A corporation or LLC is considered a entity onto itself; separate from the individual personal
assets of shareholders,
officers and directors.
A C-Corp is a corporation which remains a taxable entity within itself.
It pays corporate income tax rates, and the profit or loss does not pass through to the
individual's tax return. A C-Corp may, in fact, also be subject to personal holding
company surtax on the income. An even more serious consideration is the fact that C Corps are subject
to double taxation. The corp. pays taxes on profits, then the
shareholders pay tax on dividends received.
'S' corporation or LLC is essentially an entity which acts and
looks like a corporation but is taxed on the individual's tax return (merely
a tax code election). The flow-through
nature of this entity makes it the preferred vehicle for many
businesses. The corp. itself does not show profits or losses, they
must be passed on to the shareholders. If the corp. has a profit of
$100,000 for the year, the money is split among the shareholder
percentages. Each shareholder is liable for the taxes on the dividend
received. The same goes for losses! These are reported on form
K-1 on the Fed tax return.
A second reason for establishing an S-corp or LLC is that of asset
protection. An S corporation is a stand-alone entity, even though it is taxed on an
individual's tax return. Because of this, anybody suing you as an individual
generally be able to get to the assets of the S-Corp. Similarly, anyone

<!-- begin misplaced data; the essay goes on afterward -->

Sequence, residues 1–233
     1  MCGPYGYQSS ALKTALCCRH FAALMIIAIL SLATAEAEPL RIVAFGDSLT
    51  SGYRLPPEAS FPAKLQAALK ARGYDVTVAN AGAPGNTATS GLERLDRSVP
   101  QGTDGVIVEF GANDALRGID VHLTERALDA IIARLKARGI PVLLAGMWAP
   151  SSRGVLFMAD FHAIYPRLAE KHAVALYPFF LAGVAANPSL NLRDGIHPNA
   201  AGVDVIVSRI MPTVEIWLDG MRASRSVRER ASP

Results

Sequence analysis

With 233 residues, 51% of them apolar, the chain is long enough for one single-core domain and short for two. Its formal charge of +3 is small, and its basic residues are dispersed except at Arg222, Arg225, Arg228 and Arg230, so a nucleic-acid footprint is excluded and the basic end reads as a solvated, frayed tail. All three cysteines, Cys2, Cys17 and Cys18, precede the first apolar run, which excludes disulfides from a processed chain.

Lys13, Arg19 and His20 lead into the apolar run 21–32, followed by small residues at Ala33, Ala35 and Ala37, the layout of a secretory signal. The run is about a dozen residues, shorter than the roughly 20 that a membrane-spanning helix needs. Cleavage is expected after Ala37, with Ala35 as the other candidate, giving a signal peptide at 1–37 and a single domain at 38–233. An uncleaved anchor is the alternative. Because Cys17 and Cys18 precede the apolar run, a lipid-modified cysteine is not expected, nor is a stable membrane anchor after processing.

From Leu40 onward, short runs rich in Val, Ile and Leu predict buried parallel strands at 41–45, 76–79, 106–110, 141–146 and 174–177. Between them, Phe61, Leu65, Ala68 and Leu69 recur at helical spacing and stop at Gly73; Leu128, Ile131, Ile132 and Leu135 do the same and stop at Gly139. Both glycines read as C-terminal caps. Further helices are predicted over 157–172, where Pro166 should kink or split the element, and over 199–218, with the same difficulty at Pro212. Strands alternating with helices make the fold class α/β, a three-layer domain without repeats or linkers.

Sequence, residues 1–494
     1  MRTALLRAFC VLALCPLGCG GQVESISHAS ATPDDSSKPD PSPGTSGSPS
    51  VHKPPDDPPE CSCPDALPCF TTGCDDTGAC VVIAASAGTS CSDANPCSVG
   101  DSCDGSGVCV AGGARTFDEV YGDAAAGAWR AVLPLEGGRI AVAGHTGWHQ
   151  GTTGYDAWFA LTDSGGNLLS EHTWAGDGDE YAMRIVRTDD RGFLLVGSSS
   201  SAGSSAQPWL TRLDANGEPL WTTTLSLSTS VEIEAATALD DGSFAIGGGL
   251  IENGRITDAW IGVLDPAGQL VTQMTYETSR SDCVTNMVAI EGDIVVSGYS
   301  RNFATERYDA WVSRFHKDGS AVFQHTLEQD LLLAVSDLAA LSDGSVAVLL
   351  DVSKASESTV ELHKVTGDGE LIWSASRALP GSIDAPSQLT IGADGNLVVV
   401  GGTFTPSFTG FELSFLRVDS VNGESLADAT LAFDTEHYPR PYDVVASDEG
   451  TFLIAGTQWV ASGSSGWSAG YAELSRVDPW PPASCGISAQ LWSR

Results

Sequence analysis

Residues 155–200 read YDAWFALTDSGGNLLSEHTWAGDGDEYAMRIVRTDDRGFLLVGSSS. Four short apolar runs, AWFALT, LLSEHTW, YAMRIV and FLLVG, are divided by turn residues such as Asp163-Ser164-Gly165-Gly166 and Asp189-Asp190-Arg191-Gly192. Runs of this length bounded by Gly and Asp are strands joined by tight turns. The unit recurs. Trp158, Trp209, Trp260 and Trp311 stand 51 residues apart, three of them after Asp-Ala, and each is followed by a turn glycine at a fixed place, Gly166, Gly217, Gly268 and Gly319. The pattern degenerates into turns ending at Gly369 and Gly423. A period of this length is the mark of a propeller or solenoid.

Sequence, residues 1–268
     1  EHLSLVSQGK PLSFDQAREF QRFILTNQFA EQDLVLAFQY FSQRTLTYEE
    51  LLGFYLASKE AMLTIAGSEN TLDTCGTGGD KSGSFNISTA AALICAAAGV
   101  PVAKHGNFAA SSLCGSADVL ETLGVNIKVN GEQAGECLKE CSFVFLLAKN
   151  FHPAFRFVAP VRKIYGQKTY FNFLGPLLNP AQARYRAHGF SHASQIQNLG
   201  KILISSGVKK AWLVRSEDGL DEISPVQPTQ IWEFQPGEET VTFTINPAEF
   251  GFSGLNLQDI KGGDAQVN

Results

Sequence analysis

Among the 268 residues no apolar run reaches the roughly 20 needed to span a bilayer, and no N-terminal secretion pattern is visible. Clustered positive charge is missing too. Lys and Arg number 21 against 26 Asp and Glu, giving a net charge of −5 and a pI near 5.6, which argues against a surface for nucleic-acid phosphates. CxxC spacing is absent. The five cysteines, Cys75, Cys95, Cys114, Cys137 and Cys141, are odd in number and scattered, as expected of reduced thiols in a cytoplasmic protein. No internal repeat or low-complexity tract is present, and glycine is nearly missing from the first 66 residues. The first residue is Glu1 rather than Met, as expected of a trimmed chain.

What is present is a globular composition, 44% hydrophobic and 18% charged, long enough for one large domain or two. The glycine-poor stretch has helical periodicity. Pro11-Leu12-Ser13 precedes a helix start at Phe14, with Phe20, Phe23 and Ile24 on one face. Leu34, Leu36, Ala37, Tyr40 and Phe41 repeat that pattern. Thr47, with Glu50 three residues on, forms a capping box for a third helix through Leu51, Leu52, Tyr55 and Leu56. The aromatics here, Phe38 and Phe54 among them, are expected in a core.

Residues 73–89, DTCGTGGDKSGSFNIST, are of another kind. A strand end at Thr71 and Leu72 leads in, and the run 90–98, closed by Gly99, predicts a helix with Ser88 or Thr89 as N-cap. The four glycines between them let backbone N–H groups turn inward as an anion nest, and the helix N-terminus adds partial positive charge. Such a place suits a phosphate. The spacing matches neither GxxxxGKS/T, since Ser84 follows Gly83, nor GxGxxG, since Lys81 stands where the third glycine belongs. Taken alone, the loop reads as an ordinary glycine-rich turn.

suing the S-Corp would not be able to get at the assets of the
individual outside of
the corporate entity. (the corporate entity must be properly maintained)
For these reasons, we have frequently
clients to start S-corps, limited liability companies, and/or limited partnerships.
Case Study: Employed individual with sub 'S' corporation
When Aubry Phillips, a registered nurse, decided to supplement her income by forming a new
online medical service. She
formed a corporation and elected the 'S corporation' option for
One important tax test of a valid 'S corporation' is that it has a
legitimate profit objective.
Whether the company profits or not, the income (or loss) effects personal ordinary income.
In the first year, Aubry had a loss from the corporation of $15,000. She was able to
deduct the corp.'s loss from her ordinary RN income of $60,000. Consequently, she
received a federal income tax refund of $4,500 and a state income tax refund of
Her refunds totaled $5,700 which Aubry invested into her business for year two.
Similarly, year two created another loss with the tax refunds
reinvested in the growth of the
corporation. By the end of year three, the corp. was profitable.
With the corp. Aubry was allowed several deductions based on company
expenses. A car was leased for the business, paid for by the corporation (the insurance as
well). She passed a corporate resolution allowing all medical expenses of the officers and
directors to be paid by the corporation. Her telephone, computer, web site, internet access,
advertising, legal, professional and promotional fees were all ordinary and necessary
expenses of the corporation. These expenses all contributed to her corporate losses and
resulted in her personal tax refunds.
This brief example demonstrates the purpose of the IRS Sub 'S' treatment by helping to
finance new business during their developmental stages. Also, eliminating double taxation
that large corporations are required to pay via a corporation tax and
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